DVD In My Pocket

DVD In My Pocket
DVD In My Pocket

Run time: 94 min
Rating: 4.9
Genres: Drama | Romance
Director: David Lisle Johnson
Writers: Joseph Ferrugio, David Lisle Johnson
Stars: Gregory Smith, Zack Ward, Shantel VanSanten
A harrowing journey down the dark spiral of drug addiction. As Stephen Jameson’s carefully constructed life slowly falls apart, his belief system is shattered when he discovers that he’s no longer the functioning addict that he once was. Uncompromising and unwaveringly honest, IN MY POCKET pulls no punches as it not only dares you to peer into the edge of the abyss…but then pushes you right in. Written by anonymous
Plot Keywords: addiction, los angeles california, independent film
Country: USA
Release Date: 5 February 2013 (USA)
Box Office
Budget: $2,000,000 (estimated)


  1. Can't believe it won any kind of audience choice award. I also can't believe its rated as high as it is , even allowing for the cast and crew to have all voted it up. I expect that probably accounts for about half the votes though , so at about 6.9 without them voting your probably looking at a movie that's actually rated about 5.0 or so.

    This movie started off with some promise technically but as it moved along it actually continually surprised me with each new unbelievable turn of plot , phony character , or contrived emotion. The cartoon characters in rehab , the awful forced romantic relationship, cripes.. I know something of addiction and rehab myself and it really did an EXCEPTIONALLY poor job of portraying either experience with any degree of authenticity.

    What were these guys taking peyote? Why did his fairly well to do parents put their ""on his way to med school" kid in some kind of rehab that was like a state mental ward ? I could pick it apart more here but whats the point of kicking someone when their down. Don't waste your time…

  2. A college student overdoses on drugs and wakes up in the hospital. The parents say if he doesn't admit himself into rehab that they will stop supporting him. Next it shows the parents signing papers, as if they are having him committed. It turns out he is in fact committed, to a mental ward, without his consent. What? No judge ordered him to be put into a mental hospital. No judge ordered him into forced rehab. He didn't want to go, so why is he there? The only plausible explanation is that he willingly allowed himself to be committed to a mental hospital. The kind with steel grates over all the windows so you can't escape. Are we supposed to believe that he did this just so his parents would keep supporting him?

    He was failing out of med school and also ran a drug lab. Why would he need their money? He could get a job at 7-11 (or keep selling drugs)and move into a crappy apartment with a friend, but instead he chooses to lock himself up in a mental hospital?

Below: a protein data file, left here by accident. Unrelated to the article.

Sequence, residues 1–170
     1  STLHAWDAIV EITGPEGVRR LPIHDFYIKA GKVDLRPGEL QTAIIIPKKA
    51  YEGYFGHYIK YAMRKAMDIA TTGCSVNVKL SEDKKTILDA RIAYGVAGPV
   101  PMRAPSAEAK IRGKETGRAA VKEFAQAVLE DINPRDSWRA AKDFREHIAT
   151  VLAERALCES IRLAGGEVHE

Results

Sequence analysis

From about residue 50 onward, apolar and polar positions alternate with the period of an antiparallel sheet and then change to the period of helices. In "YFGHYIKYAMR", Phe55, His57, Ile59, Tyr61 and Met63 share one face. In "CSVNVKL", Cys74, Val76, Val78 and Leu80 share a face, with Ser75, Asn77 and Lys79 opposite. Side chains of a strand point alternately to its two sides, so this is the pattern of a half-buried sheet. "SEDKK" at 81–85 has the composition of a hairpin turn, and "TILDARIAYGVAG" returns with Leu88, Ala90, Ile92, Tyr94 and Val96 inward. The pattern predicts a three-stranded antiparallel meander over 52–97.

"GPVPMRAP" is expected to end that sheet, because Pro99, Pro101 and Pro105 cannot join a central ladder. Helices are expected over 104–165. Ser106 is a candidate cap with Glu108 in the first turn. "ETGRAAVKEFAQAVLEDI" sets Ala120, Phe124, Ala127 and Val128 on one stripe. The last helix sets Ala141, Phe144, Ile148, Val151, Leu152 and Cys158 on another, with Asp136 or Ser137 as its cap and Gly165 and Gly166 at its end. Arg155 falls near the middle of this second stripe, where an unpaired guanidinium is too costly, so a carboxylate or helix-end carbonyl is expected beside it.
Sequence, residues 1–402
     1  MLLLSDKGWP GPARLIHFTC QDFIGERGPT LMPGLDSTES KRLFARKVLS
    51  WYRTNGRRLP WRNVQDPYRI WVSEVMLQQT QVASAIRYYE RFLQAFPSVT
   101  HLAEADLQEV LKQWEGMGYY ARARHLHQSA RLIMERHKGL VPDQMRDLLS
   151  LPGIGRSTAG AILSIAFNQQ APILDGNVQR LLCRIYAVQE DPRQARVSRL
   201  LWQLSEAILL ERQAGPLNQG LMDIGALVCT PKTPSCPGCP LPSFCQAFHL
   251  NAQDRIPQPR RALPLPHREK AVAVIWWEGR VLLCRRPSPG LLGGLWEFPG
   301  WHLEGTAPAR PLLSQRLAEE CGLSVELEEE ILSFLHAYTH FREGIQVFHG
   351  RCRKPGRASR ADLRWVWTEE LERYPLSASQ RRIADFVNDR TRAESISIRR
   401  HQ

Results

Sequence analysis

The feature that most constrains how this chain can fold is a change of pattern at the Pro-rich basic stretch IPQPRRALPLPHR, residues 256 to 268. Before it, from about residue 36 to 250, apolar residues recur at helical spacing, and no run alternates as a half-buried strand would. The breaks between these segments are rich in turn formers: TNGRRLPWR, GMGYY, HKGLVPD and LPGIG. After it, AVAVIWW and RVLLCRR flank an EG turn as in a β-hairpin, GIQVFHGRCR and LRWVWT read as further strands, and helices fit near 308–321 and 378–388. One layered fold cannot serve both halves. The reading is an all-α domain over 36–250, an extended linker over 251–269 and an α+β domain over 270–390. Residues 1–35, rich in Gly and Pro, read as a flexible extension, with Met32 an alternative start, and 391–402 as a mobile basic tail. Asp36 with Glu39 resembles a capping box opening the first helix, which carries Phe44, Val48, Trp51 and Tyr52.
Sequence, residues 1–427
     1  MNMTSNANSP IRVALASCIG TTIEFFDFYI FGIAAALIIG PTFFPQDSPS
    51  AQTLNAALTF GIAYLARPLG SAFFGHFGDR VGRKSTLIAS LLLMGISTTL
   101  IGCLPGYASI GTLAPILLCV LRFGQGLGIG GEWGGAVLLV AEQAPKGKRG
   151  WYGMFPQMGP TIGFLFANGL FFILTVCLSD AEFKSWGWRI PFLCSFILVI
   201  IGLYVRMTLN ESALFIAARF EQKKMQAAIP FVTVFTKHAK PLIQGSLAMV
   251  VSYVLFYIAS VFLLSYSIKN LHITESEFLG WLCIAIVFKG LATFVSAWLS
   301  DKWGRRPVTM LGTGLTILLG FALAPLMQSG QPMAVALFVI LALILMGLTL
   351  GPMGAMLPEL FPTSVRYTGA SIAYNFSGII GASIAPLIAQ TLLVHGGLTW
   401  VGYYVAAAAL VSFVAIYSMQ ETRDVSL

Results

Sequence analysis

There are violent criminals locked up in there as well, but when the main characters ex-girlfriend comes to visit him, they allow her to wander the halls, with all of the patients, looking for him. Is this really how secured mental hospitals and secured drug rehab facilities for ex-cons operate? Whoever wrote this movie doesn't seem to understand that if you are an adult, your parents cannot commit you to a mental hospital by signing some papers. If this guy did commit himself to this particular facility, then he is just stupid. It's too bad, because the acting and special effects are pretty decent. The story is absolutely absurd.

  3. This film is a wannabe Requiem for a Dream, with the difference being that the story of In My Pocket was written by people who know nothing about anything. To give one example, it shows a girl who was injected with an unknown drug just once and became so addicted to it she was still in rehab 5 years later having extreme craving. The film tries to present a serious subject matter, but ends up being a mishmash of clichés put together in a less than bright or informed manner. The main audience for this is people who will swallow nonsense and laud it as educational provided it vilifies drugs and at least superficially resembles reality. Even if you disregard the contrived nature of some story elements and the general lack of understandable motivation for the character's actions, parts of the film feature sub-par acting, like the main character's father trying and failing to give a strict appearance. This is one of the rare films whose lack of redeeming qualities has made me regret watching it.

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